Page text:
Similarly, while defence diplomacy helped avoid clashes between the TNI and ADF, the same result could not be reproduced in India’s standoff with China in Ladakh despite regularly holding talks and bilateral exercises in that particular region years before the standoff.

Nevertheless, there is still scope for improvement in defence diplomacy. One such area for India especially is the medical support to other countries’ militaries and people, particularly in South Asia. Indian Armed Forces have a considerable number of medical experts and practitioners. Indian military could play a major role in supporting the country’s medical diplomacy. This could be by way of expanding the training and exchange programs for foreign military doctors and paramedics, sharing best practices and experiences and even consider providing greater medical material support. As the COVID-19 vaccination drive gathers momentum in most countries, India could support countries, especially South Asian states, in the distribution and administration of these vaccines.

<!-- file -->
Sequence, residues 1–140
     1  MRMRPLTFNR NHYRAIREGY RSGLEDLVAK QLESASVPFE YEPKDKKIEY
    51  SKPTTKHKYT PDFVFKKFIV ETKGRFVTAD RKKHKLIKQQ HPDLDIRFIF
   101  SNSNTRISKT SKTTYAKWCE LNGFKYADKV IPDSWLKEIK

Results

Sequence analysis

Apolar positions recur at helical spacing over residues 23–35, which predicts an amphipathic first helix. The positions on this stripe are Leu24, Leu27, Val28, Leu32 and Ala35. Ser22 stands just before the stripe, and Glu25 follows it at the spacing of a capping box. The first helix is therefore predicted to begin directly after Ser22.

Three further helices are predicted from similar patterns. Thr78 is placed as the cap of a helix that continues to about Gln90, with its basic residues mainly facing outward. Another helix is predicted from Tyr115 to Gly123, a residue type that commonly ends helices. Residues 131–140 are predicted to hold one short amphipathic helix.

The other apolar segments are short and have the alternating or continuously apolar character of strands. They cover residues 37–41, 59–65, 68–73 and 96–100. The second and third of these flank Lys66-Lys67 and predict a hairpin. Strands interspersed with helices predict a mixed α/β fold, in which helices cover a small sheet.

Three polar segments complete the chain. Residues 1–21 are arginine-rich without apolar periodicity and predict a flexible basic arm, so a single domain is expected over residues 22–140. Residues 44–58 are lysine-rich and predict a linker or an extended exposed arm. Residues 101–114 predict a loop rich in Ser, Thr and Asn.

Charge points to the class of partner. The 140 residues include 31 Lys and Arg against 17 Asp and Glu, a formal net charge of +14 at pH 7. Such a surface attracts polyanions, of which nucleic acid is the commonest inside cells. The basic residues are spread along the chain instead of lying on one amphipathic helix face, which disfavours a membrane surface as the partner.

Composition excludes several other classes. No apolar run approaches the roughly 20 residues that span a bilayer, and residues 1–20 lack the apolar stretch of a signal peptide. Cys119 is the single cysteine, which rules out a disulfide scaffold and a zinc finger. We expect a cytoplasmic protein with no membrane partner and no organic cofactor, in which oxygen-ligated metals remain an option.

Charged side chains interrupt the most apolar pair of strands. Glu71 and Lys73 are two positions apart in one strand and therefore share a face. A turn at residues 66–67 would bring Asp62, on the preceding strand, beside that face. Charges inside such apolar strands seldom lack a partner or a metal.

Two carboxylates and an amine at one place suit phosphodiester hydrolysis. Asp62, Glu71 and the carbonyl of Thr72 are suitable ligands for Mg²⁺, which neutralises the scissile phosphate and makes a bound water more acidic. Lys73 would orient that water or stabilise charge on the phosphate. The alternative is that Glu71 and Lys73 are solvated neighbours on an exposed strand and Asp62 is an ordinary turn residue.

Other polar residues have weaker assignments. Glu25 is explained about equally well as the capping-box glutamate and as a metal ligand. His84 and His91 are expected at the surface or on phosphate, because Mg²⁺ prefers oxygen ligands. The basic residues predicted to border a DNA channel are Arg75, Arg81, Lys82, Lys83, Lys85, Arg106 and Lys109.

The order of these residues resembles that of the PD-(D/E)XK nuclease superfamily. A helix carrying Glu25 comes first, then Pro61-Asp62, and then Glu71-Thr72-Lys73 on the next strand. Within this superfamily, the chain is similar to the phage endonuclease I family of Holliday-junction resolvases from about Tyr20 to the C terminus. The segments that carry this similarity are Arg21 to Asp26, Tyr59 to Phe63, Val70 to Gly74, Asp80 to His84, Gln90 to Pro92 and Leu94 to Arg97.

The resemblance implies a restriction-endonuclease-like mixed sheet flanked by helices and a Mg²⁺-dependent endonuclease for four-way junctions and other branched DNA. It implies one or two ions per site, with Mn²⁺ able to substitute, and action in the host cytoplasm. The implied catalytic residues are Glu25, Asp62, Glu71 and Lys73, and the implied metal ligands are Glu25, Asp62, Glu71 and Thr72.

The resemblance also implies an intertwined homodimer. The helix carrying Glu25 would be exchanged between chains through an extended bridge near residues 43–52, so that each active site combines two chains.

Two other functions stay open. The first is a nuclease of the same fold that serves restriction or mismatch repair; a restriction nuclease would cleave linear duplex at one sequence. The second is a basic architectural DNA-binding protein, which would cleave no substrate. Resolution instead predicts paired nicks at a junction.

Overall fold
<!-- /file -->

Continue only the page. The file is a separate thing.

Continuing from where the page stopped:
Overall, defence diplomacy should be considered a long-term investment made by a country to its foreign relations, complementing economic and cultural diplomacy. The results may just be limited to the overall image building of the nation as a responsible and reliable power on the global stage, with possible additional advantages in small scale conflict avoidance at local or tactical levels due to improved interpersonal relations between the military personnel of the countries involved.

Endnotes:

[i] Gregory Winger (2014), “The Velvet Gauntlet: A Theory of Defense Diplomacy”, Institute for Human Sciences, Available at: https://www.iwm.at/publications/5-junior-visiting-fellows-conferences/vol-xxxiii/the-velvet-gauntlet/

[ii] Ian Johnson (2016), “Sowing the Wind: The First Soviet-German Military Pact and the Origins of World War II”, War On The Rocks, 07 June, Available at: https://warontherocks.com/2016/06/sowing-the-wind-the-first-soviet-german-military-pact-and-the-origins-of-world-war-ii/#:~:text=While%20Soviet%2DGerman%20military%20cooperation,the%20young%20Soviet%20officer%20corps

[iii] John Blaxland (2014), “Defending Defence Diplomacy”, Defence Diplomacy Is the game worth the candle, edited by Dr. Andrew Carr, 7-11, Canberra: Australian National University, Available at: https://core.ac.uk/download/pdf/30673357.pdf

[iv] Stuart Auerbach (1982), “General Defends Bangladesh Coup”, The Washington Post, 25 March, Available at:  https://www.washingtonpost.com/archive/politics/1982/03/25/general-defends-bangladesh-coup/3390d727-476a-45dd-93a8-02a56eb9a529/